Effects of atmospheric dust deposition on solar PV energy production in a desert environment

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7 Citations (Scopus)

Abstract

The effect of deposition of atmospheric dust onto photovoltaic modules is investigated using both field measurements and modeling. Energy yield, solar irradiance, ambient particulate matter concentrations, and meteorological data were monitored during a 12-month period at a solar test facility in the arid environment of Qatar. Dust concentration alone, is a weak predictor of PV soiling and performance, even for particles larger than 10 μm. Instead, a non-linear correlation between aerosol mass, RH and PV losses was observed. A dynamically resolved three-dimensional aerosol dispersion model coupled with online meteorology was employed to simulate the emissions and transport of dust particles in the surrounding environment. The advantage of using such a model is that most of the complexities of the deposition process are grouped together in a single parameter: the particle deposition velocity. The model predicts an average deposition velocity ranging between 1.1 cm s−1 and 3.3 cm s−1 during summer and 1.6 cm s−1 and 3.7 cm s−1 in winter for the different size ranges of coarse dust particles. A numerical weather prediction model coupled with an explicit treatment of aerosols could be a beneficial tool for comprehensive PV soiling predictive capabilities on an urban-to-regional scale. Results from the predicted geographical distribution of dust settling suggests that floating PV modules could benefit from significantly lower dust deposition.

Original languageEnglish
Pages (from-to)94-100
Number of pages7
JournalSolar Energy
Volume164
DOIs
Publication statusPublished - 1 Apr 2018

Fingerprint

Solar energy
Dust
Aerosols
Particles (particulate matter)
Geographical distribution
Meteorology
Particulate Matter
Test facilities

Keywords

  • Aerosols
  • Deposition rate
  • Dust
  • PV soiling
  • Solar radiation

ASJC Scopus subject areas

  • Renewable Energy, Sustainability and the Environment
  • Materials Science(all)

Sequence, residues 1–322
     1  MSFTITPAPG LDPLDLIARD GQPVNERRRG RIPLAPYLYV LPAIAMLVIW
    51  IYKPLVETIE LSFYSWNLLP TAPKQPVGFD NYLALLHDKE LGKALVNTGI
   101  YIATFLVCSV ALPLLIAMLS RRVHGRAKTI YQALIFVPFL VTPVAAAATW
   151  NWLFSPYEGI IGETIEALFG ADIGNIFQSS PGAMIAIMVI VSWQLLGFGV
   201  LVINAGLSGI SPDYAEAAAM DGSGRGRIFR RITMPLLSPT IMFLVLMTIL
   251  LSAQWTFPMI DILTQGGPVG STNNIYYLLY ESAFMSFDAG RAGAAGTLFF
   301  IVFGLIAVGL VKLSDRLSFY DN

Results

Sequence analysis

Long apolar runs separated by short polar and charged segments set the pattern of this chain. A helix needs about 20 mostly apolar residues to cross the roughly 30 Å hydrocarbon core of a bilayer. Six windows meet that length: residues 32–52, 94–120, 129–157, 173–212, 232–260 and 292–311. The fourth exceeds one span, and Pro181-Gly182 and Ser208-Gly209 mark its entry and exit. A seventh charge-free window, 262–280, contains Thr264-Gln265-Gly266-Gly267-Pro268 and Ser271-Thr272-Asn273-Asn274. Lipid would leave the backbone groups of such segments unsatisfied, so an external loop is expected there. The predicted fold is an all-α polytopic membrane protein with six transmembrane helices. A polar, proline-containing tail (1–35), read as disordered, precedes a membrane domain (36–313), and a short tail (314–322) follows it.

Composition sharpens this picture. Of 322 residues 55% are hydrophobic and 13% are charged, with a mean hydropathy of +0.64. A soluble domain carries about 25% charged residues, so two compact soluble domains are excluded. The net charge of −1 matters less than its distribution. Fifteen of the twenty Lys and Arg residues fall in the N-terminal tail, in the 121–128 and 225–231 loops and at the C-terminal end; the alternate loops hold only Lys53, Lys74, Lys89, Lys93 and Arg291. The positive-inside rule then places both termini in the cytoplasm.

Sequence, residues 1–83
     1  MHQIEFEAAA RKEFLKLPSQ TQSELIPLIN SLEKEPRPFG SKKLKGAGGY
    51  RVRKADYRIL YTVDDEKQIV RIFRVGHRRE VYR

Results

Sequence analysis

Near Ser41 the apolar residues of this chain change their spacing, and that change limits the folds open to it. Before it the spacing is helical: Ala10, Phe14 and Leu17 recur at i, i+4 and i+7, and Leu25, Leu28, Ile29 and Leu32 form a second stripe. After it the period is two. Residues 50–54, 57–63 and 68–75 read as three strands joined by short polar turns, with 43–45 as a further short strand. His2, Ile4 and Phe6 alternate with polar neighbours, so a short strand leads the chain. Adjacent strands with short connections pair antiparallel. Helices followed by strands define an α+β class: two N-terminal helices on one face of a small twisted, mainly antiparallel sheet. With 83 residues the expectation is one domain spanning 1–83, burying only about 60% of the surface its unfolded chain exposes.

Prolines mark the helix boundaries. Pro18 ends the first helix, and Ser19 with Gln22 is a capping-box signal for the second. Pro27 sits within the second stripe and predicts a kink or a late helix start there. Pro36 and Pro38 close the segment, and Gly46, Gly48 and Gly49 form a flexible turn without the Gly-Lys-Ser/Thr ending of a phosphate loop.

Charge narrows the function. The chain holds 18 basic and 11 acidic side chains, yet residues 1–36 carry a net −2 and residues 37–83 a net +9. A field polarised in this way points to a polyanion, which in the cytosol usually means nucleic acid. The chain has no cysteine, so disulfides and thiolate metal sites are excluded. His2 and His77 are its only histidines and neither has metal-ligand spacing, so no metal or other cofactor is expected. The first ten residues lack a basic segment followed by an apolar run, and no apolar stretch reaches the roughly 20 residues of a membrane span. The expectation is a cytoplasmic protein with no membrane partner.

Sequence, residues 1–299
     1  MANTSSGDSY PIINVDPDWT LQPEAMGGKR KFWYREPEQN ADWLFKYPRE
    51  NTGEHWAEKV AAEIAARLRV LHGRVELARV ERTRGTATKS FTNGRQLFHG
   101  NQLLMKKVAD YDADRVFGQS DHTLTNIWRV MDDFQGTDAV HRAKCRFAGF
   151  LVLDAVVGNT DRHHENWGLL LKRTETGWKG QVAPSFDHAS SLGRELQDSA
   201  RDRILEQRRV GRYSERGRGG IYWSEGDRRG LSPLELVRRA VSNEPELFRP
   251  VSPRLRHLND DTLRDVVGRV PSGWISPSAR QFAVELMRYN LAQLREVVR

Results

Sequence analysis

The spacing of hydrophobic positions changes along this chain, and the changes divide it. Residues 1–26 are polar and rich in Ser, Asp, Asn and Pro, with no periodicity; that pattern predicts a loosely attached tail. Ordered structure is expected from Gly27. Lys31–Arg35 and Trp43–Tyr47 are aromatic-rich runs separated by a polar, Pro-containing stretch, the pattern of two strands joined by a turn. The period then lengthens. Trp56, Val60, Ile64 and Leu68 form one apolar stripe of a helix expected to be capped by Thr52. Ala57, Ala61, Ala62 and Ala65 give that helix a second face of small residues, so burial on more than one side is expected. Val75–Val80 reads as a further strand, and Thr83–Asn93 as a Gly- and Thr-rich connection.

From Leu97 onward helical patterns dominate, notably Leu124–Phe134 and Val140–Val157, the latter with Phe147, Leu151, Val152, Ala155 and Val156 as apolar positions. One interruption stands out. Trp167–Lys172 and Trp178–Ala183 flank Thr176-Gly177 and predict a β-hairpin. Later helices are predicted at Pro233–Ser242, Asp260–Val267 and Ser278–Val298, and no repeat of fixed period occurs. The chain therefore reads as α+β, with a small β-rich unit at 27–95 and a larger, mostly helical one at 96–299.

Cite this

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title = "Effects of atmospheric dust deposition on solar PV energy production in a desert environment",
abstract = "The effect of deposition of atmospheric dust onto photovoltaic modules is investigated using both field measurements and modeling. Energy yield, solar irradiance, ambient particulate matter concentrations, and meteorological data were monitored during a 12-month period at a solar test facility in the arid environment of Qatar. Dust concentration alone, is a weak predictor of PV soiling and performance, even for particles larger than 10 μm. Instead, a non-linear correlation between aerosol mass, RH and PV losses was observed. A dynamically resolved three-dimensional aerosol dispersion model coupled with online meteorology was employed to simulate the emissions and transport of dust particles in the surrounding environment. The advantage of using such a model is that most of the complexities of the deposition process are grouped together in a single parameter: the particle deposition velocity. The model predicts an average deposition velocity ranging between 1.1 cm s−1 and 3.3 cm s−1 during summer and 1.6 cm s−1 and 3.7 cm s−1 in winter for the different size ranges of coarse dust particles. A numerical weather prediction model coupled with an explicit treatment of aerosols could be a beneficial tool for comprehensive PV soiling predictive capabilities on an urban-to-regional scale. Results from the predicted geographical distribution of dust settling suggests that floating PV modules could benefit from significantly lower dust deposition.",
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AB - The effect of deposition of atmospheric dust onto photovoltaic modules is investigated using both field measurements and modeling. Energy yield, solar irradiance, ambient particulate matter concentrations, and meteorological data were monitored during a 12-month period at a solar test facility in the arid environment of Qatar. Dust concentration alone, is a weak predictor of PV soiling and performance, even for particles larger than 10 μm. Instead, a non-linear correlation between aerosol mass, RH and PV losses was observed. A dynamically resolved three-dimensional aerosol dispersion model coupled with online meteorology was employed to simulate the emissions and transport of dust particles in the surrounding environment. The advantage of using such a model is that most of the complexities of the deposition process are grouped together in a single parameter: the particle deposition velocity. The model predicts an average deposition velocity ranging between 1.1 cm s−1 and 3.3 cm s−1 during summer and 1.6 cm s−1 and 3.7 cm s−1 in winter for the different size ranges of coarse dust particles. A numerical weather prediction model coupled with an explicit treatment of aerosols could be a beneficial tool for comprehensive PV soiling predictive capabilities on an urban-to-regional scale. Results from the predicted geographical distribution of dust settling suggests that floating PV modules could benefit from significantly lower dust deposition.

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